The Mail Must Go Through
There are two competing interests when it comes to email. We all want our email to be delivered and yet we do not want to get spam. 80% of email traffic on the Internet is spam. To combat this Internet Service Providers (ISPs) are trying to verify (authenticate) that senders of email are who they say they are.
The two main ways that this is done today is by using SPF (Sender Policy Framework) and DKIM (DomainKeys Identified Mail).
The role of SPF is to prevent sender forgery. We have probably all received SPAM from someone we know, but we know they did not send it, this is sender forgery. It is a very common method for sending spam. With SPF specific email servers are designated to send email on behalf of specific domains. This means that only designated email servers can send email for myorganization.org.
DKIM is another technology used to prevent sender forgery. DKIM is a way to claim ownership for an email. DKIM can be set up so that an intermediary server like the ones that Cividesk uses for sending email from CiviCRM can be validated as well.
Both SPF and DKIM are shared to the Internet as records in the DNS (Domain Name System). This is the same system that lets us go to Google.com rather than 22.214.171.124. I am going to “126.96.36.199 that” is not as catchy as I am going to “Google that.”
Servers receiving email like Google, Yahoo, and Comcast check your emails against the DNS system that has your SPF and DKIM records to make sure they match.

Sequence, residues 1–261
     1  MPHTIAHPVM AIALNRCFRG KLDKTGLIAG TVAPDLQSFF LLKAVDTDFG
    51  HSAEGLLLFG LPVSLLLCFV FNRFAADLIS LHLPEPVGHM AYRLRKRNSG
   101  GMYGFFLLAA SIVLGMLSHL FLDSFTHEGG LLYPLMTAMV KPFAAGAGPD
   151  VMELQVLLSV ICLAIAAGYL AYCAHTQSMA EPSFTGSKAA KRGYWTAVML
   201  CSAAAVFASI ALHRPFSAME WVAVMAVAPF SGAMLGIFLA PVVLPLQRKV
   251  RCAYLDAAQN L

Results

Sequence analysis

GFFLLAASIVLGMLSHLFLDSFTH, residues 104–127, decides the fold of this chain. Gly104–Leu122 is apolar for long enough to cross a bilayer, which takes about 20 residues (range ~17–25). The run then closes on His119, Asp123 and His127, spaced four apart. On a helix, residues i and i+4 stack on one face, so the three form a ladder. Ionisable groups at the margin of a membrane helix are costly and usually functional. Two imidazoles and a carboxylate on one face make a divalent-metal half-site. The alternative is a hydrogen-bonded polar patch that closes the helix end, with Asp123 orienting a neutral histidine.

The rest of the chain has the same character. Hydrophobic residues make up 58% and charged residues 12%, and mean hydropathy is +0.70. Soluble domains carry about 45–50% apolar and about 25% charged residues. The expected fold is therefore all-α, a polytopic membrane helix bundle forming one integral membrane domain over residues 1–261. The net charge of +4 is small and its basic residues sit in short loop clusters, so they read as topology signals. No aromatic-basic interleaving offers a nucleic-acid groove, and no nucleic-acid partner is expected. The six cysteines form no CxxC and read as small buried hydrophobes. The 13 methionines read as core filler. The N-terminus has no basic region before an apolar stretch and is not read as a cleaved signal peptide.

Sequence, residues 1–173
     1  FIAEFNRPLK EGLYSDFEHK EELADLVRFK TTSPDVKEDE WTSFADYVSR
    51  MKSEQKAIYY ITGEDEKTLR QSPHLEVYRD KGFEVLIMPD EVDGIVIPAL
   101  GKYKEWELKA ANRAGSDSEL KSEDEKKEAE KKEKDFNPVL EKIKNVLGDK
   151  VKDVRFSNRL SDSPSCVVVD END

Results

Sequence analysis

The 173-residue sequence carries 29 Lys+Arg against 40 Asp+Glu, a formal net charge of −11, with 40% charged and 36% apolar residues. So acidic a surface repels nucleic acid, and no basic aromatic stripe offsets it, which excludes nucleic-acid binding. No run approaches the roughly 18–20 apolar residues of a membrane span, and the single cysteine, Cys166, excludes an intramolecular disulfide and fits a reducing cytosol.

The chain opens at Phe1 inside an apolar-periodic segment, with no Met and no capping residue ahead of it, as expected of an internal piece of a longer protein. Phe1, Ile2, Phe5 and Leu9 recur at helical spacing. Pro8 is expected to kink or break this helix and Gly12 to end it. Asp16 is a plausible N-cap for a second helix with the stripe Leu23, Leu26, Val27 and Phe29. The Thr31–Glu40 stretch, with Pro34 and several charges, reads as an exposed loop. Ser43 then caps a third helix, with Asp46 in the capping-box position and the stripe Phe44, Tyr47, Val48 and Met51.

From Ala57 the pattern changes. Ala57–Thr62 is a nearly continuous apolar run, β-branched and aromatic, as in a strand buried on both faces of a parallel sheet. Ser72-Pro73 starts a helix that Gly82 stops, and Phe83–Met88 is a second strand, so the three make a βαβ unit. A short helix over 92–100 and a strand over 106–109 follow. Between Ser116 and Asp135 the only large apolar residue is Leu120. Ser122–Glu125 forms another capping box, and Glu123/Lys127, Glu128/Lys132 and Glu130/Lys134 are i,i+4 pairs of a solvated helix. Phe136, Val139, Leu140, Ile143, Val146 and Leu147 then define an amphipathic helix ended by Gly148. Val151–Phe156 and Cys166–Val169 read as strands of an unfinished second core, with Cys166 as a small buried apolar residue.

Now back to sending email from CiviCRM. When you send email from CiviCRM, Cividesk sends your email to an email sending vendor. This vendor specializes in keeping their email servers off of black lists and making sure that SPAM is not sent using their servers. This means that they too want to validate that your email address has a valid SPF and DKIM record.
Civdesk has been contacting our customers to make sure that they have valid SPF and DKIM records. We will be continuing to do this to increase deliverability rates.
There is one last important point to make. Many volunteer organizations especially like to let volunteers send email using CiviCRM from their personal email addresses. For example, firstname.lastname@example.org. The challenge with this is that we cannot validate your permission to send on behalf of Google in this case. It is highly recommended that you do not use these types of emails with CiviCRM.
In conclusion SPF and DKIM are great ways to try to reduce spam and increase deliverability percentage for legitimate email on the Internet. We all want our email to get through and none of us want spam either.